Thereby, the erstwhile land owner had been divested of his title to the property w.e.f. April 1, 1957. All to which he is entitled is the compensation in the manner prescribed under the Act. It is true that at the time of the registration of the trust, strictly the tenant is not entitled to be heard provided he has no pre-existing right in the land, the subject matter of bequeath. In the enquiry under Section 88-B, question relating to two aspects would arise in registration of trust of the kinds covered by the Act, viz., of the factum of the creation of the trust and the utilisation of the income derived from the land bequeathed to the trust towards charitable purpose. In that enquiry by the Collector on these two aspects, certainly the tenant has no right to say in the matter. But in a case where the tenant has a pre-existing right and his right is sought to be divested in creating the trust, certainly he is an interested person to be vitally affected by the registration of the trust. Consequently, when the proceedings under Section 18 of the Act was taken, as envisaged in Section 19 of the Act, the tenant being an interested person is entitled to be heard. In Maneksha was granted. The enquiry contemplated under Section 19 was given a ceremonial send off without being complied with. Under those circumstances, the learned single Judge was right in concluding that since the order passed under Section 32 was not assailed by the respondent, the appellants were entitled to be heard before granting registration for the trust and vesting the same in the trust.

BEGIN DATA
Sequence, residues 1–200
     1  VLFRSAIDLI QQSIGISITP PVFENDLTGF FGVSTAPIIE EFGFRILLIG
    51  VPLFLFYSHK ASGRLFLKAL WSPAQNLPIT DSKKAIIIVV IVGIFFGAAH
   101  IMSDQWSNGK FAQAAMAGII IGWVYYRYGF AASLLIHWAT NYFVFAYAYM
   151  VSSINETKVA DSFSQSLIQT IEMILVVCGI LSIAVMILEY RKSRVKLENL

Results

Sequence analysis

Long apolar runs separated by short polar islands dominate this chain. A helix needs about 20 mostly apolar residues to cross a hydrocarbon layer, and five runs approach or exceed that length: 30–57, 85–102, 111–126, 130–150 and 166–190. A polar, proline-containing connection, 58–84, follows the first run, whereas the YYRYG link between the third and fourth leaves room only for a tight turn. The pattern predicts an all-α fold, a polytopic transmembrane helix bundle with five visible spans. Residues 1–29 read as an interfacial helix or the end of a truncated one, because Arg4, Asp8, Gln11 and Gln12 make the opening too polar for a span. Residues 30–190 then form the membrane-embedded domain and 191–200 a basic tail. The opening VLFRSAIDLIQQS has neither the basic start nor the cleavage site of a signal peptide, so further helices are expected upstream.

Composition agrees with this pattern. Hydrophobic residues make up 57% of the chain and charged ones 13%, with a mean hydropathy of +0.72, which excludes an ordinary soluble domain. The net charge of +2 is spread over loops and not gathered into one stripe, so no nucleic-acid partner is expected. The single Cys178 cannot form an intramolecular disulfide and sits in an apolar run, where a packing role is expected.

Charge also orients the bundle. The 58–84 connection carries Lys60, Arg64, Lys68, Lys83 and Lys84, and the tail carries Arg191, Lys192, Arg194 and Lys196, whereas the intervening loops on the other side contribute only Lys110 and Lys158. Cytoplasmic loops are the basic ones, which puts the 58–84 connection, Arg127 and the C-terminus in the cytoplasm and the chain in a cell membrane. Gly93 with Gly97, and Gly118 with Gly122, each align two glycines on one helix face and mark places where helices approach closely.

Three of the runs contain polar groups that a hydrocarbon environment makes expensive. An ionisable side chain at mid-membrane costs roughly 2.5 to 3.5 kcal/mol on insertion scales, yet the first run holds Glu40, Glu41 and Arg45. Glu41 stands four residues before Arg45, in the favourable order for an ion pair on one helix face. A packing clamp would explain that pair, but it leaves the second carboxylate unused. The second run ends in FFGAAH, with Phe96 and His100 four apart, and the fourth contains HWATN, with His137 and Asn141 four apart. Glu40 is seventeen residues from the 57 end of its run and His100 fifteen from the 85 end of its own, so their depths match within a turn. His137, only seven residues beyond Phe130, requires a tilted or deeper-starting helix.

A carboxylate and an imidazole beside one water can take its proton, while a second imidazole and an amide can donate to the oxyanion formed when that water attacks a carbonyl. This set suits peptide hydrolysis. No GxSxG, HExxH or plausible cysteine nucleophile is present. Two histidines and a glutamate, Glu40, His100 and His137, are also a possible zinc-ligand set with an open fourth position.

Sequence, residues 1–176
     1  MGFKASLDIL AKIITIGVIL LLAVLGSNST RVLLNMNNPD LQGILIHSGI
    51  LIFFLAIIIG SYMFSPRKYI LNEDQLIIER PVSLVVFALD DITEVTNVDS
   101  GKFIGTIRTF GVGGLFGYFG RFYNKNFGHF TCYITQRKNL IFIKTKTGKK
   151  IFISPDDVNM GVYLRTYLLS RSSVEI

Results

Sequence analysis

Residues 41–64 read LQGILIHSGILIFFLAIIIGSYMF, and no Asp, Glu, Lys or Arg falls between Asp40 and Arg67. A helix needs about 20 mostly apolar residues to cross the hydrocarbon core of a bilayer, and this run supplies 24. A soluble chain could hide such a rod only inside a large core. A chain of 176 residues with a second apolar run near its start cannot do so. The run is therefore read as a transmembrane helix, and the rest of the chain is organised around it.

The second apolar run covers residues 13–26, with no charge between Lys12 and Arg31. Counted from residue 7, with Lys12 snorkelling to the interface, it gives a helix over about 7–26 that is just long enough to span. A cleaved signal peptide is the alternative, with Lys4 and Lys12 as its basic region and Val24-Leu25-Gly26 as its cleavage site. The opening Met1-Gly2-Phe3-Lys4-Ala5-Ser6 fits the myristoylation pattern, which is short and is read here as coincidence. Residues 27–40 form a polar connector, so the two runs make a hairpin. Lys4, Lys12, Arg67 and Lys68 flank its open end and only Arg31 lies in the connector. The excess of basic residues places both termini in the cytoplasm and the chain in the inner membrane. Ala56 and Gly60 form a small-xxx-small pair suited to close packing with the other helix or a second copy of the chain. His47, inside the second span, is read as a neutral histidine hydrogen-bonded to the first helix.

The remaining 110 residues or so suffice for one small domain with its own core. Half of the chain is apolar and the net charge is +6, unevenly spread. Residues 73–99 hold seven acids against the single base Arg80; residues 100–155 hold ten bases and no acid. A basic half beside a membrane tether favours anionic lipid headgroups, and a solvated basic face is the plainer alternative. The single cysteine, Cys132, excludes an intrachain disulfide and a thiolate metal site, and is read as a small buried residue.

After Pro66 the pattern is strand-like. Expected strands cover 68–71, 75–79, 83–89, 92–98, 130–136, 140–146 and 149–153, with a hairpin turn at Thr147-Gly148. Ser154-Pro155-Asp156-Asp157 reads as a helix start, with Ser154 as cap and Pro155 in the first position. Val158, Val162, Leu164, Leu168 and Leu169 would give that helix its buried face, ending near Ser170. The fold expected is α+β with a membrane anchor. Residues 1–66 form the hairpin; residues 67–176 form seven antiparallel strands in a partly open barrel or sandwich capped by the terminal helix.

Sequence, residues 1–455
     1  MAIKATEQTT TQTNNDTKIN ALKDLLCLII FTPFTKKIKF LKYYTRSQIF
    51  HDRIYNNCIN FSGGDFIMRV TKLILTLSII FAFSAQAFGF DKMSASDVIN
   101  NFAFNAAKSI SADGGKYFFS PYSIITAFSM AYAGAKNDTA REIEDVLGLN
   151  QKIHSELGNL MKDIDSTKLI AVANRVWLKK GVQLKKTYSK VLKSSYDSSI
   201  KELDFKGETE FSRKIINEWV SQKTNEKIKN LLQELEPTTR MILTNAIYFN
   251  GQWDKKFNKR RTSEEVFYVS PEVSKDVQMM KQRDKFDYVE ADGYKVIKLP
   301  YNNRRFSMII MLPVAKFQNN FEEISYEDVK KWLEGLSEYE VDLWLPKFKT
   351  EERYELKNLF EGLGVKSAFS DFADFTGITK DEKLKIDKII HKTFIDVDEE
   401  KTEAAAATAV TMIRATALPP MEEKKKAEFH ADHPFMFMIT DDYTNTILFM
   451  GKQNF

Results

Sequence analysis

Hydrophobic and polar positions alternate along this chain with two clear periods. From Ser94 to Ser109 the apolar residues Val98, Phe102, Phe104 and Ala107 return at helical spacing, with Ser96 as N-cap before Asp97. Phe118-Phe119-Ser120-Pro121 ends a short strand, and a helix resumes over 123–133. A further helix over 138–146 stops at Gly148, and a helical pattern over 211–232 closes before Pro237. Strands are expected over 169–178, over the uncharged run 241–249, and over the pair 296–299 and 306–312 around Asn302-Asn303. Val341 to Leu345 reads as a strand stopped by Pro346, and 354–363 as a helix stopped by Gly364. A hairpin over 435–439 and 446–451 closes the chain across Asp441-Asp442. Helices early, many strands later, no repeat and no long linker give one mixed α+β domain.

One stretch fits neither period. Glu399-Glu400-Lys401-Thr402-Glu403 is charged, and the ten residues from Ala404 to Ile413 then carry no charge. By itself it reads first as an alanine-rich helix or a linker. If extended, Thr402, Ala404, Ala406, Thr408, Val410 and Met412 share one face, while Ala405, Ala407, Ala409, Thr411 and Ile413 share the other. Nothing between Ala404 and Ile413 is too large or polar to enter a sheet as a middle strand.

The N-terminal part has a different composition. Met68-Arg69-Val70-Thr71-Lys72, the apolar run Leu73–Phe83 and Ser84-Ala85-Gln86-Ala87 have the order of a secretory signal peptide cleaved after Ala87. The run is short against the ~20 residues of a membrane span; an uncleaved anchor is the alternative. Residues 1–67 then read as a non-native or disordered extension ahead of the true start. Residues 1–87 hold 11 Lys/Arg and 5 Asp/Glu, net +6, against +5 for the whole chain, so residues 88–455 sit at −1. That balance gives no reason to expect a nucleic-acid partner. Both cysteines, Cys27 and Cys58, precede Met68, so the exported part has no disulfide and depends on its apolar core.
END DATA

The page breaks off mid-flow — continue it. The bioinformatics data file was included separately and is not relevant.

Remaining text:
The question then is : whether the Division Bench was right in interfering with the order? It is contended that clause 15 of the Letters Patent Act is not available to the respondent and that, therefore, the Letters Patent Appeal would not lie. This point is squarely covered by the judgment of this Court in Ramchandra Goverdhan Pandit vs.